WASHINGTON – The Supreme Court on Monday declined to hear an appeal from a prominent supporter of former President Donald Trump who is trying to fend off a defamation suit from a voting company he falsely accused of rigging the 2020 election.
Michael Lindell, the founder of MyPillow and a regular presence at Trump’s rallies, is fighting a $1.3 billion defamation suit filed in federal court by US Dominion, the company that manufacturers voting machines used in several battleground states.
Lindell’s effort was denied by a Trump-appointed U.S. District judge last year. When Lindell appealed, the U.S. Court of Appeals for the District of Columbia Circuit said the case was not ready for review. Lindell asked the Supreme Court to rule that he could immediately appeal in order to avoid “long and expensive” court proceedings.
Preview: Supreme Court to grapple with race, elections in new term as battle over abortion lingers
Guide: A look at the key cases and questions pending before the nation’s high court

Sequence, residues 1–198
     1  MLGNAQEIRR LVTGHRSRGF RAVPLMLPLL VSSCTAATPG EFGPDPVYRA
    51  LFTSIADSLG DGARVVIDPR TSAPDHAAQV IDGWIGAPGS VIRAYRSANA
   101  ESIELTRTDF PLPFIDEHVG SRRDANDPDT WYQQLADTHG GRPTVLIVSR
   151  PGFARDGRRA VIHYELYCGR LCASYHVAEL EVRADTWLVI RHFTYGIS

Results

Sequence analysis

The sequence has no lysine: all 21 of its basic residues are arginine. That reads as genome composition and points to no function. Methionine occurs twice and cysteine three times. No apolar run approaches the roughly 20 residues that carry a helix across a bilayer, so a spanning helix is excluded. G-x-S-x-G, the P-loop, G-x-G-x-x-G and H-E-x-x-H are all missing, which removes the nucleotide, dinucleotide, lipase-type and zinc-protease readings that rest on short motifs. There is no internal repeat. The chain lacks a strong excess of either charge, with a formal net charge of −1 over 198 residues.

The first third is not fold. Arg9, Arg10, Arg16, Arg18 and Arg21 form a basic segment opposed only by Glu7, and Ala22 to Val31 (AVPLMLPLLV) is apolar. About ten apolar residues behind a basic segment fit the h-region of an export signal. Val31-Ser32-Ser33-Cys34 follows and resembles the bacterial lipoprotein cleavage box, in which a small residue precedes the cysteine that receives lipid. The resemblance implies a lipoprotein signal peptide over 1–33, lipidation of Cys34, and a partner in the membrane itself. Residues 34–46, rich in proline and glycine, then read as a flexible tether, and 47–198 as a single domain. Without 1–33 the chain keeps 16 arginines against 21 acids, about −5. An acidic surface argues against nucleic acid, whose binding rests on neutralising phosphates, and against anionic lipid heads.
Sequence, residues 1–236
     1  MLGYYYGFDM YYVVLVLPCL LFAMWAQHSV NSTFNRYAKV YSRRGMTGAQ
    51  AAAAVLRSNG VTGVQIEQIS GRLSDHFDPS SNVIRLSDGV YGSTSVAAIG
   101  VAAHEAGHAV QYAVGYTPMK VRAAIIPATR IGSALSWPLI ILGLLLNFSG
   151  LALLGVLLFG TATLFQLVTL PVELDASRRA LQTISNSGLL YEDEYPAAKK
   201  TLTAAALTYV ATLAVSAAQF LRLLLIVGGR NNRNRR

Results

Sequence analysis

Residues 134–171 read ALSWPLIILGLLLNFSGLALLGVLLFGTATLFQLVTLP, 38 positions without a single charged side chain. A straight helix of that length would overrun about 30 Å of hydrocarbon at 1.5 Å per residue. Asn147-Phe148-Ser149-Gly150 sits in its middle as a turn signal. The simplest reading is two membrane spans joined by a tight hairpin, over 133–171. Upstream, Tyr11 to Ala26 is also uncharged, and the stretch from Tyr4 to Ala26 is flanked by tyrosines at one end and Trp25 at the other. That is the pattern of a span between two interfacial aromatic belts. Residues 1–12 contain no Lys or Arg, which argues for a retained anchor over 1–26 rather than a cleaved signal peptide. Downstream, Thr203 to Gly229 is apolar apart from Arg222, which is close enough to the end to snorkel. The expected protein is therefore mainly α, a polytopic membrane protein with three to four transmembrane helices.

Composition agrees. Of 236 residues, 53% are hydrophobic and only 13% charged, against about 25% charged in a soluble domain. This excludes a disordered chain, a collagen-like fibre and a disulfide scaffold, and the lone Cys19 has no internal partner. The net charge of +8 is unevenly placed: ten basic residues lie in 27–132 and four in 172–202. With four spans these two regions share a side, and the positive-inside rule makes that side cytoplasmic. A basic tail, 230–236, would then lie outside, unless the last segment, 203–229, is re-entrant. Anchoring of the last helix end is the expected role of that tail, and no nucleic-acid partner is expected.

Lindell argues that US Dominion hasn’t met the standard governing defamation claims set out in the court’s landmark 1964 decision in New York Times Co. v. Sullivan. Specifically, he asserted that the company had not proved that he knew his comments were false or that they were spoken with a reckless disregard for truth or falsity.
The lower federal court disagreed.
“As a preliminary matter, a reasonable juror could conclude that the existence of a vast international conspiracy that is ignored by the government but proven by a spreadsheet on an internet blog is so inherently improbable that only a reckless man would believe it,” U.S. District Judge Carl Nichols wrote in his opinion.
The company, Nichols wrote, “has adequately alleged that Lindell made his claims knowing that they were false or with reckless disregard for the truth.”
The case is MyPillow v. US Dominion.
Internet: Supreme Court to hear challenge to law that shields internet companies from lawsuits
Guns: Supreme Court turns away challenge to Trump-era ban on bump stocks
This article originally appeared on USA TODAY: Supreme Court won’t hear case by MyPillow CEO over defamation suit